Pesticides are more potent at proper pH

Have you ever had pesticides that seemed less than effective? It could be due to the pH of the carrier solution.

Figure 1. pH scale.

Figure 1. pH scale.

Many greenhouse owners are very careful and deliberate when choosing which pesticides to use on pests. If they’ve chosen a product that has either been recommended by Michigan State University Extension or has been effective for many other greenhouse operations, but has not been very effective in their own operation, they may assume the pests in their greenhouse are resistant to the chosen chemistry. While this may certainly be the case, double check the pH of your water isn’t the real culprit.

pH is a measure of the hydrogen ions in solution and is measured on a scale of 0 to 14, with 7 being neutral (Figure 1). A pH of less than 7 is acidic while a pH greater than 7 is basic or alkaline. If water is alkaline (greater than 7), then a process called alkaline hydrolysis may occur to pesticides or plant growth regulators mixed into it that breaks the active ingredient down, resulting in a product that is not as effective, or possibly even phytotoxic to plants. As a general rule, insecticides and miticides are more susceptible to alkaline hydrolysis than are fungicides.

The ideal water pH for most pesticides is between 5.0 and 6.5 (Figure 2). However, always read the pesticide label for precise recommendations for that specific chemistry. To modify the carrier water pH, add an acidifying or buffering agent to the water before adding the pesticide. Also, depending on your water source, the pH can change over a period of time (years or even within a season), so test the pH of your water frequently. To ensure mixed pesticides are as effective as they can be (i.e., to limit the risk of breaking down in solution), always use the mixture as soon as possible (within six hours).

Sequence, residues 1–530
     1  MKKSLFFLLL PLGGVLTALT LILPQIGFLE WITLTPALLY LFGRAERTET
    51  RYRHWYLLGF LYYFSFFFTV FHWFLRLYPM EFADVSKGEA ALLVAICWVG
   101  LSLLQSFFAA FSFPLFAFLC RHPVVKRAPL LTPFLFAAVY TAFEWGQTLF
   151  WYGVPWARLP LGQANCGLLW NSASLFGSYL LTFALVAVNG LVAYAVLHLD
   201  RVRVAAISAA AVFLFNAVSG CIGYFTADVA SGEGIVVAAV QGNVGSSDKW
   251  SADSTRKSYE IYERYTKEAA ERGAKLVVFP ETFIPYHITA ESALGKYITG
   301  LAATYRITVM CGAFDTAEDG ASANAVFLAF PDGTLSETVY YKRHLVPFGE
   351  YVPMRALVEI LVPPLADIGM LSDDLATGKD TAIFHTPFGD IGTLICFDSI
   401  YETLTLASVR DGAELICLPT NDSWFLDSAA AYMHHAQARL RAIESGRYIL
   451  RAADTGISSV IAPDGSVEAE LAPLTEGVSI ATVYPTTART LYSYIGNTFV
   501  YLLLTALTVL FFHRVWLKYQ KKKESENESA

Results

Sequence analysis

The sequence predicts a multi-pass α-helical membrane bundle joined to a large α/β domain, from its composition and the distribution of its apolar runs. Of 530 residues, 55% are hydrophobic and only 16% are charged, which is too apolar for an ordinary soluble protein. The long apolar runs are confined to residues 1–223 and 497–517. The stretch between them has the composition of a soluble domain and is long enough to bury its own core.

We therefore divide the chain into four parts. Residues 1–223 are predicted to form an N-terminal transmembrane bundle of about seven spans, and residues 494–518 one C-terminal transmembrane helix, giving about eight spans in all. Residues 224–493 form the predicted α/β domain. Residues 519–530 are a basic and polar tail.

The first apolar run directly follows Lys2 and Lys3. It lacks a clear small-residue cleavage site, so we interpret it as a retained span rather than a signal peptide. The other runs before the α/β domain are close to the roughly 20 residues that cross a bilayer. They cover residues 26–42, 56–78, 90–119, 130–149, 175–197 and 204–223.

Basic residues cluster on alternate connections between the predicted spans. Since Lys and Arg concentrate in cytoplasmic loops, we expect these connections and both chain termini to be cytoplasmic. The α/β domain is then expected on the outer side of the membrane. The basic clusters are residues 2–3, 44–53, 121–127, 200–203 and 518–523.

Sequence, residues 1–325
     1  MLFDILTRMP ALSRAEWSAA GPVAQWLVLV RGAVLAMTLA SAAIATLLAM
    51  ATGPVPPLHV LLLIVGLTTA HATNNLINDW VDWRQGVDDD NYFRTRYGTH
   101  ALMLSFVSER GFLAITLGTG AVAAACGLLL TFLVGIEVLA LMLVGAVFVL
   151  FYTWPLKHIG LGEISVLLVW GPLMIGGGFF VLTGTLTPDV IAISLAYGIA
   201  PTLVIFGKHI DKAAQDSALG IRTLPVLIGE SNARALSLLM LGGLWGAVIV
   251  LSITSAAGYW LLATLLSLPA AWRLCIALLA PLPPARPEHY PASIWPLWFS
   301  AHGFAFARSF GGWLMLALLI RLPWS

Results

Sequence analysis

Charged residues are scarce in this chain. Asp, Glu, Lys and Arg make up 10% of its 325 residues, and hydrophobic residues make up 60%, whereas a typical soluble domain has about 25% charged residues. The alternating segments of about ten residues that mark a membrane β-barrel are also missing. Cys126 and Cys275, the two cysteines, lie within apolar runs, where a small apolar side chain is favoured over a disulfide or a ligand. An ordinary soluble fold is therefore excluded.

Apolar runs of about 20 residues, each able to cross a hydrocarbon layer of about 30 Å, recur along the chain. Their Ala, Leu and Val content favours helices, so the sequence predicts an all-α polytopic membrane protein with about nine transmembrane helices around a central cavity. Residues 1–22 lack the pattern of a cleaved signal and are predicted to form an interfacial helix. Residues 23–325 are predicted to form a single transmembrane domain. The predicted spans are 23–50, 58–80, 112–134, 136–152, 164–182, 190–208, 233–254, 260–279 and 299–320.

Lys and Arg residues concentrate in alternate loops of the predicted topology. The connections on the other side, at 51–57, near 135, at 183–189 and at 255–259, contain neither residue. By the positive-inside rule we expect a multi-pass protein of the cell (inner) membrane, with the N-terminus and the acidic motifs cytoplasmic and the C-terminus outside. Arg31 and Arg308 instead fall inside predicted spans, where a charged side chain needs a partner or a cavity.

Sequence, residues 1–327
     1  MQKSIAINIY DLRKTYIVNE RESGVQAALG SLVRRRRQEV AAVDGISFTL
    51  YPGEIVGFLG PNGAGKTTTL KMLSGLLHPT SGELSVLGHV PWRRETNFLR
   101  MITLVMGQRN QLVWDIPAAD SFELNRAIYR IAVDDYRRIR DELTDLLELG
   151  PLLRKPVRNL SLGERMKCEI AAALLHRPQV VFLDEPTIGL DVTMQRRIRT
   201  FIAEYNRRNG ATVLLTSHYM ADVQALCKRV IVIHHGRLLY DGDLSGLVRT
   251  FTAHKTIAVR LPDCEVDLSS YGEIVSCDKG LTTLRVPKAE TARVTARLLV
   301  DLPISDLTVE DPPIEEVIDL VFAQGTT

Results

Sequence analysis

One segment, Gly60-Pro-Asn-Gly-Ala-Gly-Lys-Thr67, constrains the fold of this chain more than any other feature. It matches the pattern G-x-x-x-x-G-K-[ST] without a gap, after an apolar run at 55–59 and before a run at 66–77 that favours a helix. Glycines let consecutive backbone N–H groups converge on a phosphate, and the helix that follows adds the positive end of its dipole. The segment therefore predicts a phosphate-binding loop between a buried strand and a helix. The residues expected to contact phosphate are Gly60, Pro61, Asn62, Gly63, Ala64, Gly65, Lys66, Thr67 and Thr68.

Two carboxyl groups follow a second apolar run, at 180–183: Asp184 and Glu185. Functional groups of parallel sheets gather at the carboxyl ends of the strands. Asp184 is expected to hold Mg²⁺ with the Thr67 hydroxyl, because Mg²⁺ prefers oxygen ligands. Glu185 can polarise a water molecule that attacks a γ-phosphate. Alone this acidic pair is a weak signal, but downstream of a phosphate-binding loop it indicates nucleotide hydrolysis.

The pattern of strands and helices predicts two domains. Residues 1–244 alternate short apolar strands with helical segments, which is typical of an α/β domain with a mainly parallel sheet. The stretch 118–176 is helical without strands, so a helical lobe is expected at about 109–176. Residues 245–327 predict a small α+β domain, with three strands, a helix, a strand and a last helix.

Like many pesticides, [this products] stability may be impacted by high pH and high temperature. For optimum performance, maintain spray mixtures containing [this product] within a range of pH 5.5 to 6.5.

This product can be combined safely and effectively at recommended dosage rates with most commonly used fungicides and insecticides, with the exception of oil and strongly alkaline materials. Alkaline materials will reduce the fungicidal activity of this product.

Figure 2. Modified excerpts of a miticide label (left) and a fungicide label (right) indicating proper handling of pH.

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